macedon music april 15 multiple reflections 1

After interval (wine and sandwiches on the lawn), we were reminded that 2018 is the centenary of the ending of World War I with a piece written by E.J. Moeran (1894 – 1950) when he was convalescing from a WWI injury. After this came the major work:  Frank Bridge’s (1879 – 1941) ‘cello sonata in D Minor H125, composed over the years of the war.


E.J. Moeran during World War I


There are two movements. The first starts with an ascending ‘cello scale that maybe suggests hope, but this is not maintained. The second movement has been said to express Bridge’s despair over the futility of war and the general state of the world at that time.


Frank Bridge just after World War I

I would have preferred that the concert end here, as programmed, but the generous Blair and Caroline provided as encore a piece by Australian composer Gordon Kerry (born 1961) inspired by the mining of diamonds on Aboriginal land. I would have preferred to hear this another time, not when I was immersed in thoughts about the impact of World War I, inspired by Bridge’s powerful sonata.


What inspires composers these days?

On Sunday 13 November 2016, the Melbourne-based ensemble Plexus ( gave a concert for Macedon Music, where the oldest item was composed in 2014. This group of performers (violin, clarinet and piano) devotes resources to commissioning new works – both Australian and international. The money is raised from private donations and the trio members donate all their concert fees and box office takings to this endeavour.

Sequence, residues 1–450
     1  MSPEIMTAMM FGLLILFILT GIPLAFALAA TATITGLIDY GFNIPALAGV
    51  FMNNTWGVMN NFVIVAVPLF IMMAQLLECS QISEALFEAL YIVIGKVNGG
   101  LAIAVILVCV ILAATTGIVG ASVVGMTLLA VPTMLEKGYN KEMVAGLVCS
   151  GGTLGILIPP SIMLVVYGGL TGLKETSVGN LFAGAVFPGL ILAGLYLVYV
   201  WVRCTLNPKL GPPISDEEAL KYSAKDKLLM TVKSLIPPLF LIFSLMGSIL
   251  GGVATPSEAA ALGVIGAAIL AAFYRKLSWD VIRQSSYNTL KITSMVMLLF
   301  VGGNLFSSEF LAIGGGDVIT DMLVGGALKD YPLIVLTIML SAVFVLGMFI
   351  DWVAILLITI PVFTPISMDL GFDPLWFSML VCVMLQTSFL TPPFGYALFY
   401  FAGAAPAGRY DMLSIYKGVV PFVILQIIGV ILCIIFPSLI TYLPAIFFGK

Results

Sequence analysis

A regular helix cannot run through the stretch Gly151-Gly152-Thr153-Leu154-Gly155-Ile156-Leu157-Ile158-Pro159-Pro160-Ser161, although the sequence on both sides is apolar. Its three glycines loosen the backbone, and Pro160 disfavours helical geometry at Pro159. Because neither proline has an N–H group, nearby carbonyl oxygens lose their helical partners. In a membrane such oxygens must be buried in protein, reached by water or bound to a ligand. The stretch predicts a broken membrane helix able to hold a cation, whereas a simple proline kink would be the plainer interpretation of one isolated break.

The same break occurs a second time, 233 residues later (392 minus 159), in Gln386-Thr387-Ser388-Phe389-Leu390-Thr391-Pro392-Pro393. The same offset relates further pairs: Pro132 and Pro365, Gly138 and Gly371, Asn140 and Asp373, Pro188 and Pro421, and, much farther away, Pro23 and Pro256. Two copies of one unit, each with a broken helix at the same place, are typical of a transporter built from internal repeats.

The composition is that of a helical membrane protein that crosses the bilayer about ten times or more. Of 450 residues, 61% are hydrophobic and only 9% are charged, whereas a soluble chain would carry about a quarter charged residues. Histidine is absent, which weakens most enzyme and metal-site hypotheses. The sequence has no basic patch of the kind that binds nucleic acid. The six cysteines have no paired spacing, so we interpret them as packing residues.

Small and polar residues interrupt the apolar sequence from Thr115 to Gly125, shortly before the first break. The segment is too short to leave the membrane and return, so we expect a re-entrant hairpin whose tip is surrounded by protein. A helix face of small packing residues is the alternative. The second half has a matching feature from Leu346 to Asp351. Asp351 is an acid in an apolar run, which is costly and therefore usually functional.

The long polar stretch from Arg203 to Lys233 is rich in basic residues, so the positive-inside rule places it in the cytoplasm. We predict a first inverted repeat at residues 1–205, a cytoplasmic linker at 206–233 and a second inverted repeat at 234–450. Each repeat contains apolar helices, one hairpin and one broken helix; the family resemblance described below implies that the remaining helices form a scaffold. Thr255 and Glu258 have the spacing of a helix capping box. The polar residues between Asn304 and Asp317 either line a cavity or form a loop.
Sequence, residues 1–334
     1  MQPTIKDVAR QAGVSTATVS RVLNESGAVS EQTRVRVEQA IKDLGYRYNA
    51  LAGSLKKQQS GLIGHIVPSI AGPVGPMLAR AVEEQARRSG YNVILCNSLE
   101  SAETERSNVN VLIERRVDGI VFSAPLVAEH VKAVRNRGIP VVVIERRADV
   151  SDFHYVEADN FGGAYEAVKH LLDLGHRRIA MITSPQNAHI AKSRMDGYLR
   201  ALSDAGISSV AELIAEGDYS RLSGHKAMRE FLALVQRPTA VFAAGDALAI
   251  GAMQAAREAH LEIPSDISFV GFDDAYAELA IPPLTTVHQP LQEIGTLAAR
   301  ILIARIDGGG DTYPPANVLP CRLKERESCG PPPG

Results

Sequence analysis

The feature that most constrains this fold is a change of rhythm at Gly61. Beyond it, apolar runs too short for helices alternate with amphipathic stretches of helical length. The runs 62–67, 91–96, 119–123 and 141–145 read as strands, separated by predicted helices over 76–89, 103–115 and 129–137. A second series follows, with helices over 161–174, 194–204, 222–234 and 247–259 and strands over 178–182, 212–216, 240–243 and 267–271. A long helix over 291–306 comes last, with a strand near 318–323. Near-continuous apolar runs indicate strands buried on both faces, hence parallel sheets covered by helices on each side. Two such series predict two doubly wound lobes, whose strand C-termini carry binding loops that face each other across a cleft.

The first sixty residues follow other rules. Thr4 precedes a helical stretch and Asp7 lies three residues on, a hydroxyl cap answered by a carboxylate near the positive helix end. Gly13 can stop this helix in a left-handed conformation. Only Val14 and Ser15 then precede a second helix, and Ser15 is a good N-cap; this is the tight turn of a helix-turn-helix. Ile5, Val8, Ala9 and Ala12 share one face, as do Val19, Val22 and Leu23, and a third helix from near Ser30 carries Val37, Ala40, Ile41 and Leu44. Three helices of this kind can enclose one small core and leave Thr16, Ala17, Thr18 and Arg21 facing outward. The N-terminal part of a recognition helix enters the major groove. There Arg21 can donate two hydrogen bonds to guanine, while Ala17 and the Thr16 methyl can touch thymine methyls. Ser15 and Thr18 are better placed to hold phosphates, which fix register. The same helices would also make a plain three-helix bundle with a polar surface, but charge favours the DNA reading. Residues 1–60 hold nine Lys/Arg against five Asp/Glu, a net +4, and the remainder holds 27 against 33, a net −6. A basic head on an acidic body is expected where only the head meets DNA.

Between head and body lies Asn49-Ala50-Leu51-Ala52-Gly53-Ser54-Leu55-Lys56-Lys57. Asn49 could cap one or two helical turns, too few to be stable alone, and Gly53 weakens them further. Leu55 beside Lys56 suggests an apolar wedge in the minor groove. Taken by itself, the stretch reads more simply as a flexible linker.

The program started with Lost in Light (2014) by Queensland composer Robert Davidson. It is a ‘musical reflection’ on a poem, ‘I am not yours’ by American poet Sara Teasdale. It spoils the poem to quote only a few lines from it, but, to give an idea: I am not yours, not lost in you,/Not lost, although I long to be . . . Yet I am I, who long to be/ Lost as a light is lost in light . . .

There was a world première. Eli Simić-Prošić is a student of Melbourne composer Elliot Gyger. Eli was in the audience. The program notes tell us that Eli is interested in compositions that explore music’s capacity to create unique sonic spaces and temporal geographies through the use of repetition, and elements of stasis and moments of rupture. I imagined that this approach was important in the piece we heard, These Twinkling States of Mind (2016). The composer says that in this work he is attempting to channel the creative process itself: ‘the music continually motions through its own possibilities and tensions’. It did seem to me to work within a pitch range – although within this there were all kinds of metamorphoses and a feeling that this, like space, could continue indefinitely.